Between 1932 and 1942, Francis M. Pottenger, Jr., M.D., conducted a multi-generation nutrition study on cats with the goal of applying what he learned to human nutrition since cats also have mammalian biology. He published a book called,
Pottenger's Cats: A Study in Nutrition
In his study he fed one group of cats a raw meat diet and the other group a cooked diet. In a third group he fed 1/3 raw and 2/3 cooked. He noted that the cats fed the raw meat diet thrived while the cats on cooked meats/protein exhibited infertility, emotional imbalance and degenerative conditions noted in examinations of their skeletons.
I want to share with you a YouTube documentary of this study. It only takes a couple minutes to watch it. You will have to fast-forward to 3:00 minutes to watch the Pottenger study. The first part of the video talks about Weston A. Price and his studies on dental health in hunter gatherers. Here it is:
So are you more open to raw-Paleo after having watched this video?
My take in considering raw proteins vs. cooked is the mechanism that alters the protein molecules must be the same in order to draw a direct comparison. An extreme heating of protein should theoretically yield a different outcome than the biological process of denaturation via gastric juice. One method of protein-bond breaking uses heat, the other depends on enzymes that exist due to evolution. Therefore I don't think the cooking process should be equated with digestive denaturation.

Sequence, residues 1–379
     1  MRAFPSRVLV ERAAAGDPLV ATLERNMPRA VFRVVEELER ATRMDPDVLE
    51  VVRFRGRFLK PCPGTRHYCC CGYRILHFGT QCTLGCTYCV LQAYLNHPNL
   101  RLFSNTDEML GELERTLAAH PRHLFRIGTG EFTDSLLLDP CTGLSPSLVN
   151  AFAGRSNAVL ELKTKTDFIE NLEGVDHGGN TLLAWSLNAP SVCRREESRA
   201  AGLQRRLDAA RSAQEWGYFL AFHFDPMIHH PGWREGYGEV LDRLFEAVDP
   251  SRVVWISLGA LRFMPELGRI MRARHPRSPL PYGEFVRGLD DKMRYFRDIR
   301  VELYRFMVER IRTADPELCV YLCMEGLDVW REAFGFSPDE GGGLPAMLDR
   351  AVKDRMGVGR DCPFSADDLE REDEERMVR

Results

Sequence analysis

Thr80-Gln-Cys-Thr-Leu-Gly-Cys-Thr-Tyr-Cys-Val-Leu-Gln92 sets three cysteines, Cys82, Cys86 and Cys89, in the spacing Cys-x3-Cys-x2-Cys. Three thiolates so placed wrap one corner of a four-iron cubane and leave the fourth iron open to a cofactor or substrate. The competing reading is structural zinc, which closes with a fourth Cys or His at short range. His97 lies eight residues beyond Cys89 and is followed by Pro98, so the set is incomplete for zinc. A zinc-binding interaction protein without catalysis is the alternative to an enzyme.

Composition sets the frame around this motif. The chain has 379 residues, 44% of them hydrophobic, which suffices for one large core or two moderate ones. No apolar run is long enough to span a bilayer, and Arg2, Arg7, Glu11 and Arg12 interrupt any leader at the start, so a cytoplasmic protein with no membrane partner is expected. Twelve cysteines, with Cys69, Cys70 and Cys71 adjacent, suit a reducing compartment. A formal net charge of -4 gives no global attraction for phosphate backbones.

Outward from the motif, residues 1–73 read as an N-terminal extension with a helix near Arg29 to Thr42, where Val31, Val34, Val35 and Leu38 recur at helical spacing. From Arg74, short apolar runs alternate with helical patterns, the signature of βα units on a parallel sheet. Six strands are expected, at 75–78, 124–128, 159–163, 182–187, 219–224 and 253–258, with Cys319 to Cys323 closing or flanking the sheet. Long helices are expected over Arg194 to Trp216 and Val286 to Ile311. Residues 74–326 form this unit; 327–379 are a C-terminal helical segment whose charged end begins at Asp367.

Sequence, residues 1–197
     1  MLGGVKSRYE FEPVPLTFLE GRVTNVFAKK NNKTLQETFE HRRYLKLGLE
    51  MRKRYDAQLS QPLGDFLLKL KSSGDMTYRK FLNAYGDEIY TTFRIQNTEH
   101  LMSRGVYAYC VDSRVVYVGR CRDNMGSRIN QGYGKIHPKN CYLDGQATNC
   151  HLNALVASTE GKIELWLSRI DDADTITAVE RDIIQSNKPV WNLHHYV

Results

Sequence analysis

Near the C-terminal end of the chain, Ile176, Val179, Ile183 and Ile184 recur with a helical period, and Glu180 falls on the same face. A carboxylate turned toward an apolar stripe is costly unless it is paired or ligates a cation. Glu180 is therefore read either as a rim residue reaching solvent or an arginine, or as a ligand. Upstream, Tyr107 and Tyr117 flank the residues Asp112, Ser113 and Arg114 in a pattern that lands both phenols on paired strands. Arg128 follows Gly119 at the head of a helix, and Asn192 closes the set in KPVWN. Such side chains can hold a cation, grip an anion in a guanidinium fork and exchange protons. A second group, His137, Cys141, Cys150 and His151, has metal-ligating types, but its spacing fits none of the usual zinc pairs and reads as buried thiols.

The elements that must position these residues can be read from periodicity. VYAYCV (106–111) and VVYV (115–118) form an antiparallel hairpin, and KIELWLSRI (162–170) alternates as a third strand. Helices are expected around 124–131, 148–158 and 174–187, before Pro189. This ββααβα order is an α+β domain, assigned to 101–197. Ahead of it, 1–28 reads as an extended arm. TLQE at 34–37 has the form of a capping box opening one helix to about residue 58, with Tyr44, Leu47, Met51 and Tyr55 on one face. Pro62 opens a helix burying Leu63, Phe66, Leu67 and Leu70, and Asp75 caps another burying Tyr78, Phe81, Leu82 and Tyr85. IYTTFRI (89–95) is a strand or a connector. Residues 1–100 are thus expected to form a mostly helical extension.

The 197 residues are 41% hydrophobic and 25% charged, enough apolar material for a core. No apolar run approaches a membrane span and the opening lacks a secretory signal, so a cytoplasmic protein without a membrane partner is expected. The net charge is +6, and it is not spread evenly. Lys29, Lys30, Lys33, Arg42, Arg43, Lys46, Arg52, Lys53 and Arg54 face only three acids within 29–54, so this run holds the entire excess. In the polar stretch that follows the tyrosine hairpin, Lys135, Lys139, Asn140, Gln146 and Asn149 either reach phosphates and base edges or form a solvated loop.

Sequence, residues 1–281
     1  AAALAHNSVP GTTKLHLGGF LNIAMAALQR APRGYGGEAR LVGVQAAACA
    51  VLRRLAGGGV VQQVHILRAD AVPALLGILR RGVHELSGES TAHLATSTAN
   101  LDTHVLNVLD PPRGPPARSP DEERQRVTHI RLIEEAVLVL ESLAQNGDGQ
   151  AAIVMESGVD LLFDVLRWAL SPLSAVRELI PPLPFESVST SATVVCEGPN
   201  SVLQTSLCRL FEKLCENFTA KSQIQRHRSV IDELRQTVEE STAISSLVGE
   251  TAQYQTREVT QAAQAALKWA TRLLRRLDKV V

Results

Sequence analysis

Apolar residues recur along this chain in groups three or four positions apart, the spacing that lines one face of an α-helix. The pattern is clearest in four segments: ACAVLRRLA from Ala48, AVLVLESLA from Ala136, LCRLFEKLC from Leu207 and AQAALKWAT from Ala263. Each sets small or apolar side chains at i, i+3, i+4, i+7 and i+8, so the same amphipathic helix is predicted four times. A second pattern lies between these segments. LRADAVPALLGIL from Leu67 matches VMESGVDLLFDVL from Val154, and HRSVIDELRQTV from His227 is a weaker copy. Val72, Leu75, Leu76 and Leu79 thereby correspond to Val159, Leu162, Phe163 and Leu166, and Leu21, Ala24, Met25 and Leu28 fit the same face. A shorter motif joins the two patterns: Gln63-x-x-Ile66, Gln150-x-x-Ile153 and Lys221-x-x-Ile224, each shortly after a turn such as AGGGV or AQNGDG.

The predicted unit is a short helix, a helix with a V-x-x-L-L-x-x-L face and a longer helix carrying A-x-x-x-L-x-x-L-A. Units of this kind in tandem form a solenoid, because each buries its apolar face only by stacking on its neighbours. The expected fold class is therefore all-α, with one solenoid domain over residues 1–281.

Beyond the basic contrast between heat reactions and enzyme activity, it's possible that while cooking unravels protein it also destroys a high percentage of amino acid blocks, rendering them useless and thus degrading the quality of the protein source whereas digestive denaturation mainly unravels the amino acid blocks while leaving a much higher percentage of them intact and usable.
Also for further research, consider this example where heat destorys the essential amino acids lysine, arginine and tryptophan:
"Protein-bound lysine has been known for several years to be inactivated by heat so that it is not nutritionally available."